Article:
Would you invite school colleagues to your wedding?

When you’re about to walk down the aisle, ask yourself if you really want fellow school staff there, says Gemma Corby

Gemma Corby

Should teachers invite school colleague to their wedding?

Schools can be social minefields.

Use someone’s mug without asking and you’re in trouble.

Take someone’s faded, out-of-date display down, and you’re a dead woman walking.

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So, what should you do about inviting, or more importantly, not inviting colleagues to your wedding?

Wedding planning: stick to friends

A simple rule of thumb is to only invite people you consider friends. Yes, you may see your colleagues more than you see your future spouse, but does that make you friends? Do you actually spend time together outside of the school grounds?

If the answer is yes, consider sending them an invite. Most people are on a budget when it comes to weddings, so be open about the fact that you cannot invite the entire school. Reasonable people will understand this.

Invite strategically

If you do decide to invite colleagues, consider whether they will know any of the other wedding guests. Ideally, seat them with other staff members or mutual friends; no one wants to be a Billy No Mates.

Also, make it clear on the invitation whether or not they can bring a guest.

Ban the wedding countdown

Not only does doing a wedding countdown make you look like you belong in Year 10, rather than standing in front of them, it’s rubbing salt into the wounds of those who are not invited.

You may be friends with some of your colleagues on social media, so bear that in mind when sharing your plans online as well. You may want to tell those who are invited to be discreet.

This is not meant to sound like your wedding plans should be treated like classified information. There’s no need to start speaking in code or anything, just be sensitive to the feelings of others. Weddings can turn the rational irrational.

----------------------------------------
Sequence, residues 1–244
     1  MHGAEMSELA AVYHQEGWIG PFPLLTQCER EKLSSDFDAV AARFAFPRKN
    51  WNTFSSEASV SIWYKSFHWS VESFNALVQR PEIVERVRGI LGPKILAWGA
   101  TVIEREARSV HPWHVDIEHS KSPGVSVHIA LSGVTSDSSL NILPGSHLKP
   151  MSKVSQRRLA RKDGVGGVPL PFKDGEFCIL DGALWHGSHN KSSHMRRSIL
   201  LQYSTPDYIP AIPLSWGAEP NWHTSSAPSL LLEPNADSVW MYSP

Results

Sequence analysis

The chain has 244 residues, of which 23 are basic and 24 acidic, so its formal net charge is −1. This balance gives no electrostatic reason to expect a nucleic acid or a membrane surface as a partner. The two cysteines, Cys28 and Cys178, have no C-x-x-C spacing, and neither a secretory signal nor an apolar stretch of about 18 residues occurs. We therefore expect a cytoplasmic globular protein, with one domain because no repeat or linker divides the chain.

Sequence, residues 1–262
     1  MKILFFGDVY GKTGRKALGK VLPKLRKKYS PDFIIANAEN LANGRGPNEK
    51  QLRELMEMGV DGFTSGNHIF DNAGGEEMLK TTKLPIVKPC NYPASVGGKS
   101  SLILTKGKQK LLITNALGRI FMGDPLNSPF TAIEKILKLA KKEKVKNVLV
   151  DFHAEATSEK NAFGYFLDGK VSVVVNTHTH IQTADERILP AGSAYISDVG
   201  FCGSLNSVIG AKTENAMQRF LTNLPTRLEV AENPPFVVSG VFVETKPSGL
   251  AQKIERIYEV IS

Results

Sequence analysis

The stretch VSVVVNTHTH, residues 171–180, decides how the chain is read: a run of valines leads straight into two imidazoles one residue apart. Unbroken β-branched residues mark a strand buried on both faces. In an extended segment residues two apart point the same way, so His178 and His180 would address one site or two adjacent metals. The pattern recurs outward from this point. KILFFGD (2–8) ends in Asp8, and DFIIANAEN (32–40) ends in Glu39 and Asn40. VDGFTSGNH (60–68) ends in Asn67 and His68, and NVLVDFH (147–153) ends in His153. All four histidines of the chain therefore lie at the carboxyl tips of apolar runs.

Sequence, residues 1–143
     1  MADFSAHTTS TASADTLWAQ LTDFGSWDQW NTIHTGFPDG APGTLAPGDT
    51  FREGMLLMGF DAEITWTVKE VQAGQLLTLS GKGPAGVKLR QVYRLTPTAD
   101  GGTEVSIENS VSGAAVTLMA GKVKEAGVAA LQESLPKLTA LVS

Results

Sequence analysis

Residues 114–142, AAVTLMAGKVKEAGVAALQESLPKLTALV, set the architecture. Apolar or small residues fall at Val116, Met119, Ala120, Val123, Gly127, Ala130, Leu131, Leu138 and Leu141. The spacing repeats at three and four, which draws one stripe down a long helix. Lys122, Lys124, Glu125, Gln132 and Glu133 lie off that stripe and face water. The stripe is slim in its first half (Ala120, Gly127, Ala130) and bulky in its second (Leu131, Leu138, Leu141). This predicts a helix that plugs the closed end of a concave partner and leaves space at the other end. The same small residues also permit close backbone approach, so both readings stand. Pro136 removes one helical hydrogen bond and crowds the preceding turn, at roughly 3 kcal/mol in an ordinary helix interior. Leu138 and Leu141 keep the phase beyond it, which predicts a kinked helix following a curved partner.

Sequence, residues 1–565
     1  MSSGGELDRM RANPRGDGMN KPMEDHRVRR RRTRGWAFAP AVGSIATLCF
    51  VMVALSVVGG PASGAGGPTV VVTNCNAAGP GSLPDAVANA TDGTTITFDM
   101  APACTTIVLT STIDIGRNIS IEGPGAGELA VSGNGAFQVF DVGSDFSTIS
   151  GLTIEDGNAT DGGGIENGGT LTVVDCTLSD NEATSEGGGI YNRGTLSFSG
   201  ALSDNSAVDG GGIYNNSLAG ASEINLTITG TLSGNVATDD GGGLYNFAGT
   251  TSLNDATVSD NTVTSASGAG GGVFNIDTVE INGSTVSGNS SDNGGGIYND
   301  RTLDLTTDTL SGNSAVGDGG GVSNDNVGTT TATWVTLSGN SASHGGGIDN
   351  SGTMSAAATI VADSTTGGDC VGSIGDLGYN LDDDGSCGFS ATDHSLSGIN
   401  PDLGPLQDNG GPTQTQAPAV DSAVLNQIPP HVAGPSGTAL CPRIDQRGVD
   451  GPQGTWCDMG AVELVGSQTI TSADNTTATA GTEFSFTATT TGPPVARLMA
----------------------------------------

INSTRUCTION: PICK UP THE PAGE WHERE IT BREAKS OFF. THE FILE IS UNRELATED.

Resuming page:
Don’t invite the uninvited

If you are having a pre-wedding bash, hen or stag or anything else, do not invite those who are not invited to the big day. It’s a bit like saying you’re good enough to come to this, but not quite good enough for the main event.

Have fun

Should you or should you not invite your line manager and/or the head? It’s a very personal decision. Are they a friend?

If they are not, but you still feel compelled to invite them, then I would ask; can I twerk in front of them? If the answer is no, leave them off the list.

You could, of course, be like Elizabeth Taylor and have eight weddings; that way you can probably get around to inviting the whole staff, albeit in stages, of course.

Or you could avoid upsetting some people and instead opt to upset everyone by eloping and inviting no one you know to your nuptials. At least then no one can claim you’re inconsistent.  

Gemma Corby is a former special educational needs and disability coordinator (Sendco) and freelance writer

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Gemma Corby

Gemma Corby is a freelance writer and former special educational needs and disability coordinator

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